Tuesday, August 05, 2014

Advice on Getting into Animation

I had some trouble with my webmail account and lost a recent message from someone who emailed me asking for advice on working in the animation industry. Whoever it was, I'm sorry I didn't reply, I try to always reply to people who email me to try to repay some of the help and kindness I got when I was starting out. As I get that question a lot, for that person, and anyone else who has the same question, I thought I'd type up the same answer I always give.

Advice on getting into the Animation Industry:

When I was young and starting out someone once told me, "You're not going to believe me, it sounds too easy to be true, but I swear to God this will work. Do good work and be nice to people. That's it."

I didn't believe them, I still remember the constant feeling of frustration and hopelessness as I couch surfed and worked minimum wage jobs and stayed up all night every night drawing trying to make a portfolio that would get me a job. I remember not understanding why no one would hire me and feeling like the cards were stacked against me, and that i deserved a job but for some strange inexplicable reason was not getting one. Then eventually after years of going through that cycle I finally got a job.
In hind sight 20 some odd years later I have to agree with them and have to pass on the same advice. It is that easy. Well… "easy" might not be exactly the right word, it is a little deceptive, the "do good work part" is easier said than done.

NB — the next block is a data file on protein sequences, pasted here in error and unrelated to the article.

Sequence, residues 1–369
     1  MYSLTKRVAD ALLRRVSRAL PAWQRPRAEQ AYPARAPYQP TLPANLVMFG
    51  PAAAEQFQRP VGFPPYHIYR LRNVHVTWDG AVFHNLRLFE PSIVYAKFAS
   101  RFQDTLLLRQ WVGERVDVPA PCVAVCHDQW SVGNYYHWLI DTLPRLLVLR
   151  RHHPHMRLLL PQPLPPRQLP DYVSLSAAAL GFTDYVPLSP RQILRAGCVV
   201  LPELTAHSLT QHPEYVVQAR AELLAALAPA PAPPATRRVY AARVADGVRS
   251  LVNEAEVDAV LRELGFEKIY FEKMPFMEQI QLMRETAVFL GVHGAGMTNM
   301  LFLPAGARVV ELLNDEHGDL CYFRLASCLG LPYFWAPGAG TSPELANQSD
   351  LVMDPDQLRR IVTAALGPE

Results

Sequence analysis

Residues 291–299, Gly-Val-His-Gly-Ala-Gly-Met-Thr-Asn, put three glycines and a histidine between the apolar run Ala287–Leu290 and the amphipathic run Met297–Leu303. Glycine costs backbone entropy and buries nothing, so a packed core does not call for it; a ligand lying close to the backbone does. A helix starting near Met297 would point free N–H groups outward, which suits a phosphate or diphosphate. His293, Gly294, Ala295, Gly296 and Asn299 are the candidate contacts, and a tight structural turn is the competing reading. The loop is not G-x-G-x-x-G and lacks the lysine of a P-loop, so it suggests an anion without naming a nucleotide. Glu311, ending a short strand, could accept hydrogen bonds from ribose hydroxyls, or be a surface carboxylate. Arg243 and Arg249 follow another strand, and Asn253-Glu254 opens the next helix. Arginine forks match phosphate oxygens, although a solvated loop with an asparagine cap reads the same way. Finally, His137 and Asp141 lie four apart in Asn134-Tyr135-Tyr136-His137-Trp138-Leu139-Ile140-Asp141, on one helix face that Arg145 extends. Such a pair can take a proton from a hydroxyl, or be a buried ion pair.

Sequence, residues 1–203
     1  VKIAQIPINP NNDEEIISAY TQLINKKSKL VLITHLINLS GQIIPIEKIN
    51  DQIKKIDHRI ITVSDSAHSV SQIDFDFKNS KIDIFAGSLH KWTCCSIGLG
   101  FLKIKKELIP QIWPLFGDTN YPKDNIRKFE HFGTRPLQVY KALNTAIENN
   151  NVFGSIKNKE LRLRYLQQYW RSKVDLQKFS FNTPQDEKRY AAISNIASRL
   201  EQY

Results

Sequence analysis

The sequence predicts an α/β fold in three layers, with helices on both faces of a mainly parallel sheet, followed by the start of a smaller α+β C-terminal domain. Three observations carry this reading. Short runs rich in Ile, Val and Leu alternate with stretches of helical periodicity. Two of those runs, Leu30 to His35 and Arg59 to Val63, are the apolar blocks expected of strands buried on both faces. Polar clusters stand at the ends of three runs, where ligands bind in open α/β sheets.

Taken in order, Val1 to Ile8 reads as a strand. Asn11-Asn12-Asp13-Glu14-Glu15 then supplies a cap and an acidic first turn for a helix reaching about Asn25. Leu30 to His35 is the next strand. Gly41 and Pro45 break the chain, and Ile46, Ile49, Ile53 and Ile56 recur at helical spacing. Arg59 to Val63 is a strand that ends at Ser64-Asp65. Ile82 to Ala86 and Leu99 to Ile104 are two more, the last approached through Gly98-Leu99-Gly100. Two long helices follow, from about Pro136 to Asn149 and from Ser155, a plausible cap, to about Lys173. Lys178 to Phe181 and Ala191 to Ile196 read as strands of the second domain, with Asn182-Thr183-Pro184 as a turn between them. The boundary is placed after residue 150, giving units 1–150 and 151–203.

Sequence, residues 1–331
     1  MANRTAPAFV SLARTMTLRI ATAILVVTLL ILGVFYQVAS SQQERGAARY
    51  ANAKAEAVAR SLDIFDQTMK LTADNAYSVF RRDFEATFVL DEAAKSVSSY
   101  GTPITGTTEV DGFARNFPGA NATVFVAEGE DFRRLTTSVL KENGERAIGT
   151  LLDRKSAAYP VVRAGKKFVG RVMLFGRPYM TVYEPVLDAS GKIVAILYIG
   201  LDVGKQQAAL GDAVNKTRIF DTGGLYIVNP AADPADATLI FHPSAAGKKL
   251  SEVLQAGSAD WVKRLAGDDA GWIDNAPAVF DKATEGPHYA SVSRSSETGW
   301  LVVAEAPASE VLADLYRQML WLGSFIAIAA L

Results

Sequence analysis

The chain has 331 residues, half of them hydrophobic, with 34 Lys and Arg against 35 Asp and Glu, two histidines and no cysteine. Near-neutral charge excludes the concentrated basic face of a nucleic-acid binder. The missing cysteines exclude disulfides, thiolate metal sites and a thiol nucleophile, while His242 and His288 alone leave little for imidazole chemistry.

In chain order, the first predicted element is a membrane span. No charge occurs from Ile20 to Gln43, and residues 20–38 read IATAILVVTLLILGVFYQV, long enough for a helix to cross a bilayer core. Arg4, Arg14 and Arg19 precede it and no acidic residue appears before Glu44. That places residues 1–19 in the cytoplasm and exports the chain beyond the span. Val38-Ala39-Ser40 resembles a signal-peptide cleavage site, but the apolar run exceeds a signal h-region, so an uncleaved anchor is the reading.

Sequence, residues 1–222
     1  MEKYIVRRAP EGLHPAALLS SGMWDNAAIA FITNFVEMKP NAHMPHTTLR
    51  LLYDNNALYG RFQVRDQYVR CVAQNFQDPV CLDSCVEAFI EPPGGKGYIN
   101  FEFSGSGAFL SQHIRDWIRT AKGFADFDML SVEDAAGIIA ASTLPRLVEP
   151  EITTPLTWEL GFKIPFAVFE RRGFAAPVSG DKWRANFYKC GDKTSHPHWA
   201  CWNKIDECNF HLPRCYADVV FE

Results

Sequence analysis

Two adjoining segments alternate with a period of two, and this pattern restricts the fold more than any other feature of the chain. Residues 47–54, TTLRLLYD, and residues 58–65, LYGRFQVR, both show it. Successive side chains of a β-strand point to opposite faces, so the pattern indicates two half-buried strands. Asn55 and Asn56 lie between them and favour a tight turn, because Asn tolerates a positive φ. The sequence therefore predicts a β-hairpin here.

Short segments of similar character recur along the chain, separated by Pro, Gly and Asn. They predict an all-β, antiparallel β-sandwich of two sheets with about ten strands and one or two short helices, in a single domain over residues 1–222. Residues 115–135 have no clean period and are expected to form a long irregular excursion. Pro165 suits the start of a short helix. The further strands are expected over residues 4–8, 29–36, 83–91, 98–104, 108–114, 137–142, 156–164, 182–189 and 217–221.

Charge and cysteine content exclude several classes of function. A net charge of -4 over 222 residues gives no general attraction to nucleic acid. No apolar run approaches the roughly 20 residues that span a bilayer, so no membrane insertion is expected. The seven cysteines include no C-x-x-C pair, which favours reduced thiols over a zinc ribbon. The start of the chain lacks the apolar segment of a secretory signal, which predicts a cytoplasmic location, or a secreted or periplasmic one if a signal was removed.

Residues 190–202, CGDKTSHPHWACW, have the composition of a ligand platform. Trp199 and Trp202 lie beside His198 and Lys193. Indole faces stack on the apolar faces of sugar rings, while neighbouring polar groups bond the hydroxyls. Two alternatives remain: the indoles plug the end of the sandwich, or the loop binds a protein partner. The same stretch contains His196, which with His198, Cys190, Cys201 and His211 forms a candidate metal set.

It didn't take but for a year or so of having worked for me to look back at my own work and see that it was no mystery why i did not get hired before I did. The answer was I was not doing part A of the formula which is "do good work".  I thought I was, but I wasn't. I've found that most of the time, myself included, when you're young and starting out you can't see your own work the way it is, you're too easy on yourself and you haven't started looking at your work with the critical eye that is necessary at the professional level. You've had a lifetime of being the best in your family, or the best in your class or even the best in your college, but then you get into the gigantic pool that is the whole wide world and you're now in the same labor pool as people who are famous and who you studied in college plus thousands of people you've never heard of who are better than you will ever be. It's a big world with shitloads of breathtakingly talented people in it, and they're all available for the same jobs that you'e applying for. That's how they make a living too. So the first thing you need to do is put your work next to the very best working in the industry and see how it stacks up. You don't need to be better than those people, you never will be, unless you're one of them but you would't be reading this if you were. I wasn't. If you're one of those people you're like a drawing Mozart and you figured shit out when you were a teenager and are now well beyond where I'll ever be. I'm writing this for more normal people. You just need to be in the same ball park, like there can't be any shitty hands in your drawings or weird broken construction, your drawings have to work and function and not look like student work, if you haven't achieved that level of craft you will never get hired in the animation industry, there are just too many people who have the knack for it or have put in the work required or whatever, but that is the bare minimum requirement. I've found that, again myself included, people are always looking for shortcuts to get around the bare minimum requirement. "If i had an expensive portfolio to put my drawings in" or  "a better looking business card", or "if I connect with enough people on LinkedIn" i'll get hired. Whatever it is, anything to avoid the 10,000 hours of drawing it takes to do the work required. There is no shortcut. So that's what you need to do to get hired in the animation industry, do good work.